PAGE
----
Merryweather’s contribution continues as he lends vocals to the groovy Walter Rossi/Charlee number “Hey Serena” / “Wheel Of Fortune Turning”. His powerful voice has lost nothing over the years bringing a legitimate stamp to the proceedings with dynamic force and raw emotion. Stark’s unique vision breaths new life into each of the album’s twelve arrangements. A world-class musician in his own right (Overdrive, Locomotive Breath), Stark takes the creative liberty of fusing two or three elements from his list of influential artists into a cohesive bundle of guitar worship. In his tribute to Kansas he combines “Death of Mother Nature Suite” and “Child of Innocence” with a mash of “Carry On Wayward Son”, “Relentless”, “Down The Road” and “Cheyenne Anthem” in a twelve-minute progressive mind-blower. He does the same thing with Rush combining “Under The Shadow” with “Working Man”, “What You're Doing”, “Soliloquy” and “YYZ”. The results are extraordinary and the seemingly complicated becomes beautifully melodic.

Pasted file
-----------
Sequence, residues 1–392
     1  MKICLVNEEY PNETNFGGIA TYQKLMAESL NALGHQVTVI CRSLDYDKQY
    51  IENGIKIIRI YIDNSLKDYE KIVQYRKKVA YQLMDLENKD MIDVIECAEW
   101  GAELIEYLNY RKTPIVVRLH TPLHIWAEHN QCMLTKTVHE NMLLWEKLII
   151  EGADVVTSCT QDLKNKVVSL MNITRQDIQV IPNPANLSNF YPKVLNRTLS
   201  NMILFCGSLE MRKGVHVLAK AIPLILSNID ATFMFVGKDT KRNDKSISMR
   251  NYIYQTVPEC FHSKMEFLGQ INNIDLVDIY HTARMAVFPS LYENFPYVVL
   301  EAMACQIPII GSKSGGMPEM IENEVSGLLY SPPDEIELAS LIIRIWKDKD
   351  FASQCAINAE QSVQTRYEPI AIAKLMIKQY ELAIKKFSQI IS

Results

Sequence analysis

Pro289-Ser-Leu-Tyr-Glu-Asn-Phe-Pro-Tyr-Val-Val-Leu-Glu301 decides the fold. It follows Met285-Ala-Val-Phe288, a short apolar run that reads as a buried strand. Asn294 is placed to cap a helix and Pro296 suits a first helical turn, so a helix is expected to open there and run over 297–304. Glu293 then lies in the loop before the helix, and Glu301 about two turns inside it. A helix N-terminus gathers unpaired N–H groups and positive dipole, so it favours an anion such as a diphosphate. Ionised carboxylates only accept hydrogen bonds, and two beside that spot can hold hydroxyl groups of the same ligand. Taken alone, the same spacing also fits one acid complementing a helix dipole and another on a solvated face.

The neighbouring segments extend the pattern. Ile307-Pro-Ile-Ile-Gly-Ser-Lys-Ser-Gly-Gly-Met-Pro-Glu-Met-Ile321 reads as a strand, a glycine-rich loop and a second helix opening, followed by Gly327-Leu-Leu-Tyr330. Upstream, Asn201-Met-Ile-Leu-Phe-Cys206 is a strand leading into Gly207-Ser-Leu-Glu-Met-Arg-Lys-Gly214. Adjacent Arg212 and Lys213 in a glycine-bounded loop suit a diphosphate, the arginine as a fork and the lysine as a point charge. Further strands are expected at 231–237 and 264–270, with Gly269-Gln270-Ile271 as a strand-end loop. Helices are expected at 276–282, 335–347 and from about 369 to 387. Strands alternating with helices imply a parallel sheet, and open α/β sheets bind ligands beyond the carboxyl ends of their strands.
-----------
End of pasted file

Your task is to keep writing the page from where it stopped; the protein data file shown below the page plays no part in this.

Though some may recognize deep cuts by April Wine (“Silver Dollar”), Triumph (“Be My Lover”/ “Little Texas Shaker”) and Captain Beyond (“Raging River of Fear” / “Can't Feel Nothing” / “Frozen Over”) the personal highlights are in the more obscure workouts like Cain’s “Badside” where the song literally explodes out of the speakers. Throughout the disc, Stark plays the majority of the song’s structure including guitars and bass with the rhythm assistance provided by drummers Peter Svensson and Peter Hermansson. Where that rhythm really finds it’s groove is in the Diamond Rio number “It's A Jungle Out There (Power)”. The swagger plays perfectly into the dirty hook while Boomerang’s “Cynthia Fever” / “Juke It” is brought back from obscurity with the full Janne Stark riff-master treatment. The expected strut of “All The Way” (Mother's Finest) is made all the more incredible by the vocal prowess of Amy Douglas who sounds like a mix between Mother's Finest's Baby Jean and Tina Turner on steroids. Another surprise is the addition of Canadian singer Carl Dixon (Coney Hatch) raising hell on The Hunt’s “She Flew Freely” / “If Only We Had Tried” and April Wine’s “Silver Dollar”.

Website: Grooveyard Records

ARCHIVES : 2015, 2014, 2013, 2012, 2011, 2010, 2009, 2008, 2007, 2006,
2005, 2004, 2003, 2002